Just like regular operating systems, embedded OSes have multiple responsibilities. First, they have to execute user programs. And second, they need to manage IO. IO usually doesn’t execute instantaneously, it takes some time. Some time we’d rather spend executing user code rather than just waiting for IO to complete. The external devices are usually smart enough to run on their own and just interrupt the compiler when they need something. So, upon an IO request by a thread, we just initiate an IO operation on the hardware and block the thread until IO finishes. If there are other threads to execute, we’ll just do that.

However, interrupts act like preemptive threads. Meaning, at any point in a program, we might get preempted by an interrupt service routine. Although ISRs and the normal thread world should be as decoupled as possible, at some point, some data will be shared between them. This easily leads to difficult to track down race conditions.

The most obvious resource ISRs and the normal world share is the thread queues. There’s a queue of runnable threads in a system that the scheduler uses, called the run queue. When a thread is created, it’s placed on that queue so it can start executing. When a thread starts executing, it’s taken off that list. When a thread blocks, it’s placed in the wait queue of whatever it’s blocking on. The threads in a block queue is usually placed back into the run queue by an interrupt service routine. For instance, when you’re sleeping for 5 seconds, you’re waiting for an ISR to wake you up by placing you back to the run queue eventually.

Now, imagine a moment where a task starts attempts to block on a resource, called $R_x$ at time $T_1$ and it takes $t$ time to finish placing the thread in the block queue and suspend it. There exists an ISR $I_x$ that unblocks threads waiting on $R_x$.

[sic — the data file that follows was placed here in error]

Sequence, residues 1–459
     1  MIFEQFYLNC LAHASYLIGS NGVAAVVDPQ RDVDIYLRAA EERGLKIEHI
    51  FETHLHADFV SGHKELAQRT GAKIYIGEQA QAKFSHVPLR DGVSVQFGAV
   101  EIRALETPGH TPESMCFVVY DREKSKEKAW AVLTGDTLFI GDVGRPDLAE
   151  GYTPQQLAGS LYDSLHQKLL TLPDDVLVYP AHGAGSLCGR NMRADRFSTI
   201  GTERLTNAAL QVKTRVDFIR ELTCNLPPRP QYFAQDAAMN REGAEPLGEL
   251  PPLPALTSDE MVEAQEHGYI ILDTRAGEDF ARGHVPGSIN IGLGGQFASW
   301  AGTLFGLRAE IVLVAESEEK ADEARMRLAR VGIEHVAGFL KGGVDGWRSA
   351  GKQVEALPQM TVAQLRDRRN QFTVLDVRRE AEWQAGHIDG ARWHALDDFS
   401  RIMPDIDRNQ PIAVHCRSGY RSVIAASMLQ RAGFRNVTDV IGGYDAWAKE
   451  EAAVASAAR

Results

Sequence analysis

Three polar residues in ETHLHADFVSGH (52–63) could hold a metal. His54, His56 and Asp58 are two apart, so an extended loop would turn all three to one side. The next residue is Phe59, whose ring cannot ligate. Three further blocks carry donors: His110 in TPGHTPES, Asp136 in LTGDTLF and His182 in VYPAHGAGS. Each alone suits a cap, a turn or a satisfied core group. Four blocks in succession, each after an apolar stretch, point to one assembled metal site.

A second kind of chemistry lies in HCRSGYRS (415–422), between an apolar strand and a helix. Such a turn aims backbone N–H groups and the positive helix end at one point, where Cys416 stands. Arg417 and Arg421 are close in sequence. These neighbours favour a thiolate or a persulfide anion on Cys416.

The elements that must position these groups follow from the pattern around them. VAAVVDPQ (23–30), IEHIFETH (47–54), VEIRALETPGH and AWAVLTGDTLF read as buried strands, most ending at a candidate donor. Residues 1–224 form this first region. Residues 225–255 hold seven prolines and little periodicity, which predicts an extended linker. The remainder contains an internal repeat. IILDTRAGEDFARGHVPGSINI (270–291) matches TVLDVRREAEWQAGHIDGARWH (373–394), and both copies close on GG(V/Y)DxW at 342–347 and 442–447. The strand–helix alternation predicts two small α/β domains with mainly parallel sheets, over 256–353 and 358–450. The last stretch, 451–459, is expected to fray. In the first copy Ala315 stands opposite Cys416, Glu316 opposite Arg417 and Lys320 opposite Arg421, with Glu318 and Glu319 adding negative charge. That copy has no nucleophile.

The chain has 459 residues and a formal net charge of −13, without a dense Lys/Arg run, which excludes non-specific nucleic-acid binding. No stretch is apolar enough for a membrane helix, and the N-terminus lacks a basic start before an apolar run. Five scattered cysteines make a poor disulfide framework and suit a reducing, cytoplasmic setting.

It is possible that $I_x$ will be serviced during $[T_1, T_1 + t)$. In that case, we’ll have a nice race condition and quickly go into the undefined behavior land.

To avoid such a problem, we disable interrupts before placing a thread in the wait queue of a resource and enable them back right after placing it in the queue.

## Death by a thousand interrupt disables

That solves our little problem. However, it turns out that you don’t want to always block unconditionally. You want to check if a condition has been satisfied and if not, block until it does. This is exactly what a semaphore represents:

semaphore bytes_received{0};
ring_buf<char, 32> bytes;
auto f = bytes.front();
bytes.pop_front();
return f;
}


When read_byte is called, we don’t necessarily want to block. If there already exists some bytes in the buffer, we want to take the first one. If there’s none, we want to wait until some arrives.

Now, to check how many bytes there are in the buffer, we have to read a shared integer. To do so, we must disable interrupts. This is in the down function of semaphores, and looks like this basically:

void semaphore::down()
{
int_guard ig;
if (--count < 0)
{
m_wait.wait();
}
}


Now, we disable interrupts once in the int_guard. Then, we call wait on the m_wait object, which is of type waitable. waitables are basically just a wrapper around a queue of threads that present an easier interface, like a wait function rather than emplace_back(current_thread) and suspend.

But, as we talked about previously, blocking also needs to disable interrupts. So, it’ll construct another int_guard object before placing the thread into the wait queue.

After that, we have to suspend the current thread, which means switching context to another thread. However, context switching is another potentially dangerous function. So interrupts must be disabled during that time as well.